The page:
As dust settles over sticky bandrooms lost to the COVID-19 pandemic, Australian musicians Alex Lahey and Gordi are attempting to return the country's live music scene to its thumping former glory.
The couple has launched Over Our Dead Body, a curated live music residency in Melbourne showcasing emerging artists grappling with the industry's decimation.
It's a chance for the artists to get on stage when gigs are otherwise dwindling, find their audience and forego the risk of running at a loss.
"We met about eight years ago playing a show together and with that meeting started a conversation about live music. It's still going," Lahey tells AAP.
"We've really noticed an enormous shift in the live music landscape, particularly coming out of the pandemic."
The cost of living crisis is seeing Australians prioritise which artists they want to see and many are choosing expensive international acts over local performers, Gordi says.
It also means artists are struggling to justify the cost of putting on a show - a factor driving Lahey and Gordi to ensure their initiative's sustainability, from choosing a ticket sales website with minimal booking fees, to manning merch stands themselves.
"We're providing a kind of guarantee out of our own pocket to make sure none of the artists are going in the red for the shows," Gordi, whose real name is Sophie Payten, says.
"All those little things that seem quite small, they do add up."
Since pandemic restrictions came into effect in early 2020, Australia has lost more than 1300 live music stages, according to industry peak body APRA AMCOS.
Chief executive Dean Ormston says there was hope the industry would bounce back completely after COVID, but it isn't going to without intervention.
APRA AMCOS is lobbying Australian governments to consider creating dedicated live music precincts and implementing a rebatable tax offset for venues that host live music.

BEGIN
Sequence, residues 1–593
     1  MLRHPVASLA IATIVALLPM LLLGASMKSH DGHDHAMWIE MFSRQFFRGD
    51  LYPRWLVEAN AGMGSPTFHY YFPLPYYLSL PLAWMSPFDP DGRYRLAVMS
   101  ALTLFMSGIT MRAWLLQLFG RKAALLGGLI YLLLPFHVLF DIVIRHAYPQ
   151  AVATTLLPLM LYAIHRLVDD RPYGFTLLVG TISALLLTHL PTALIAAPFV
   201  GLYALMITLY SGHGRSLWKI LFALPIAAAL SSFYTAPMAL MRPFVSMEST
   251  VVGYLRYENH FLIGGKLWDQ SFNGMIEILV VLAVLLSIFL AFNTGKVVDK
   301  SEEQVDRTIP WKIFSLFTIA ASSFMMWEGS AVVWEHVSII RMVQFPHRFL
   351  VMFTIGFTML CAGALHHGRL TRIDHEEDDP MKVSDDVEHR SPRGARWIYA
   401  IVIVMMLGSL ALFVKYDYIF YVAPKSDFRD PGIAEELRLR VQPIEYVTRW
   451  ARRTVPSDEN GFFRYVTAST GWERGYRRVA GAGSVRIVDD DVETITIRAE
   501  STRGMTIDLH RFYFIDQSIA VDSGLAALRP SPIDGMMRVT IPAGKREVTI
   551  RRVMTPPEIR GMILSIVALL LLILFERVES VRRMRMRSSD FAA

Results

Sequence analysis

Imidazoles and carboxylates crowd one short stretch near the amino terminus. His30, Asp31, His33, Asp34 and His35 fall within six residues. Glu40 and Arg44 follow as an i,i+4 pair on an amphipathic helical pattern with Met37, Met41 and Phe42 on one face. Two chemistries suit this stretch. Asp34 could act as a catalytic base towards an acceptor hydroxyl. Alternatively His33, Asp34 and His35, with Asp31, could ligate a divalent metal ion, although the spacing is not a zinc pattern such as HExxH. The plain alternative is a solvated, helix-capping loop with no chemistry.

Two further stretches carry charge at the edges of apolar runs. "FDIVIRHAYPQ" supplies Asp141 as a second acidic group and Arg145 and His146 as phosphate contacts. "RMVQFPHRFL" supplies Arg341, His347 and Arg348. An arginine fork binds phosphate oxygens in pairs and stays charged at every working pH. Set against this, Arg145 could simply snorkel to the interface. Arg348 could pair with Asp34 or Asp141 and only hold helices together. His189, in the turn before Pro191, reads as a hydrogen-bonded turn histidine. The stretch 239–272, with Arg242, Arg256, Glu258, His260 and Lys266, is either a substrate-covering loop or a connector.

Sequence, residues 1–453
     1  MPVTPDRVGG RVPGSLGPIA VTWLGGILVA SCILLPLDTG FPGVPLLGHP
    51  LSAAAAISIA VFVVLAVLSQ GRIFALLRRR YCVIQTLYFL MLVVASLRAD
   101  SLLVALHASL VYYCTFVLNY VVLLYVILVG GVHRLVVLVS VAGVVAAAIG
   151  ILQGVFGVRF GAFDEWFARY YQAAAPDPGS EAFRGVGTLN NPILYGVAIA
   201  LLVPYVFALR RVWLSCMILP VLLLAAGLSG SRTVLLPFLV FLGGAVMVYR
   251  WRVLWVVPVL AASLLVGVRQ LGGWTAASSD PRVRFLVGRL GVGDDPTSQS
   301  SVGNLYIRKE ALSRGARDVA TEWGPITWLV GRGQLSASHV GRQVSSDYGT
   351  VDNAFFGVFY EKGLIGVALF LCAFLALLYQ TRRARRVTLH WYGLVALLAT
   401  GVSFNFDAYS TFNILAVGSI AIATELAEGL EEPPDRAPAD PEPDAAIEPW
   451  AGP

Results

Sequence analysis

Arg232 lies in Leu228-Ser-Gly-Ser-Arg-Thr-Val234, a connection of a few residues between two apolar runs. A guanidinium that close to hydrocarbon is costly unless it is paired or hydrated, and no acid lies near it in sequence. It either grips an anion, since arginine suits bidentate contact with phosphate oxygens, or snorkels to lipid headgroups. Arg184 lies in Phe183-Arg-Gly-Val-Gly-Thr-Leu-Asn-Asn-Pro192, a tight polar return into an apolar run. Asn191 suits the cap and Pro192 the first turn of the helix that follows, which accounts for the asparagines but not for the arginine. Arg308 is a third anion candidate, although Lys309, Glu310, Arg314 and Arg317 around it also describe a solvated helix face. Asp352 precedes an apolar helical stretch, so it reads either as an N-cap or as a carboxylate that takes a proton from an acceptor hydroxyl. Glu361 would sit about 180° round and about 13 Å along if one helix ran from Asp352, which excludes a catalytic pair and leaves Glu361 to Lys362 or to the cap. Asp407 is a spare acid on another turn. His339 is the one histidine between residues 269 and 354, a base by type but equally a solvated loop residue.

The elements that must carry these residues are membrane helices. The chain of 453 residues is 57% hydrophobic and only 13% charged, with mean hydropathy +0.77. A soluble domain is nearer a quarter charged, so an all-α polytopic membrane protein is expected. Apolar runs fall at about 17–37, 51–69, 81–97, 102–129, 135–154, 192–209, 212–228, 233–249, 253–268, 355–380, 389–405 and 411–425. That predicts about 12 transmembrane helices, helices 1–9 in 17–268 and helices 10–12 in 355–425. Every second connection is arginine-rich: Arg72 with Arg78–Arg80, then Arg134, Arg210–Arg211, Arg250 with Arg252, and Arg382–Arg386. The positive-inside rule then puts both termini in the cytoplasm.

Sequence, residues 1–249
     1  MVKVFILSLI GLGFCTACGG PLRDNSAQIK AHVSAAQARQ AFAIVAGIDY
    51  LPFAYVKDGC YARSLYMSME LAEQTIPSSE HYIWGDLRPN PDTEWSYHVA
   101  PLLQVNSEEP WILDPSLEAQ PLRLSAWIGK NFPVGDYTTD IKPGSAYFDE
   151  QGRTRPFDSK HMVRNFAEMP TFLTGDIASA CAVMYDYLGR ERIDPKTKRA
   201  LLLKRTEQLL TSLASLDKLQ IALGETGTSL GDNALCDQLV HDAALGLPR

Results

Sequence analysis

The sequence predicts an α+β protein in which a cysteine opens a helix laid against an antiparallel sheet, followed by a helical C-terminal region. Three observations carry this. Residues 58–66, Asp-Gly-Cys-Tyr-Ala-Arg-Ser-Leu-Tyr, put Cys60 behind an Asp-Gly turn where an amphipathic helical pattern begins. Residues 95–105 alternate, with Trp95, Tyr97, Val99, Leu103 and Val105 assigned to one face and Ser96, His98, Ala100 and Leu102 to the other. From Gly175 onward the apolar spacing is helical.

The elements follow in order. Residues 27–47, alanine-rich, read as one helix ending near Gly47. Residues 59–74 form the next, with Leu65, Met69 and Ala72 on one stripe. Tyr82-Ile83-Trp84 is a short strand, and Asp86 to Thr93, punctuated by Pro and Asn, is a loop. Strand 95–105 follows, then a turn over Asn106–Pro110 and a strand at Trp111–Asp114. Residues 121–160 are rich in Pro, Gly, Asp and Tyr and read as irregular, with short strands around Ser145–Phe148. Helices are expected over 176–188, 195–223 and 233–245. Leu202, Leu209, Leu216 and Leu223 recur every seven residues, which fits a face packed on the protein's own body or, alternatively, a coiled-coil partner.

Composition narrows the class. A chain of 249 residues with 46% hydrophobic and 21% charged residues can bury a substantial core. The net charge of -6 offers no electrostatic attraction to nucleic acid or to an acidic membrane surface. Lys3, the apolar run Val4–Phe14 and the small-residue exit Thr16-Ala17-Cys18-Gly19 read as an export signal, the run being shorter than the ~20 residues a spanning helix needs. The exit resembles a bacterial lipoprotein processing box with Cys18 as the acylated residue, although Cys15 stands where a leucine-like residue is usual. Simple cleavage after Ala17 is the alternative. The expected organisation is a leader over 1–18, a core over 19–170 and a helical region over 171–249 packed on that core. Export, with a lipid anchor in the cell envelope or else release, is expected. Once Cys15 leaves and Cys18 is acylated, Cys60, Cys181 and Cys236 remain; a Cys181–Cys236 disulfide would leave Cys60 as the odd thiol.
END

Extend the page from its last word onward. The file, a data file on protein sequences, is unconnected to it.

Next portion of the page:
The body lauds the establishment of Music Australia as a step in the right direction for the industry. Payten sits on Music Australia's council.
"Live music is at a crisis point," Mr Ormston says.
"If you don't have a substantive number of venues presenting live music in an area, then it's very difficult for a lone venue to survive."
University of South Australia popular music scholar Sam Whiting says Over Our Dead Body is an exciting display of solidarity between artists in the face of an industry that focuses on "safe bets", and music streaming platforms that promote some artists over others.
He wants state, territory and local governments to directly target intervention towards smaller live music venues, which are continuously under threat from factors like rising rents and increasing gentrification in cities.
"Without small live music venues, we don't really have any spaces for emerging artists to cut their teeth and hone their craft," Dr Whiting says.
Over Our Dead Body kicks off with its first event series Decent Exposure (Vol. 1) at Shotkickers at Thornbury in Melbourne's northeast this December, with three artist-curated shows over three weeks.
Lahey urges Australian fans who want to support artists and the live music industry to just show up to gigs that pique their curiosity.
"We have a shared belief that not just Melbourne but Australia has one of - if not the - greatest live music scenes and some of the most talented artists in the world," she says.
"The challenge is just getting it heard."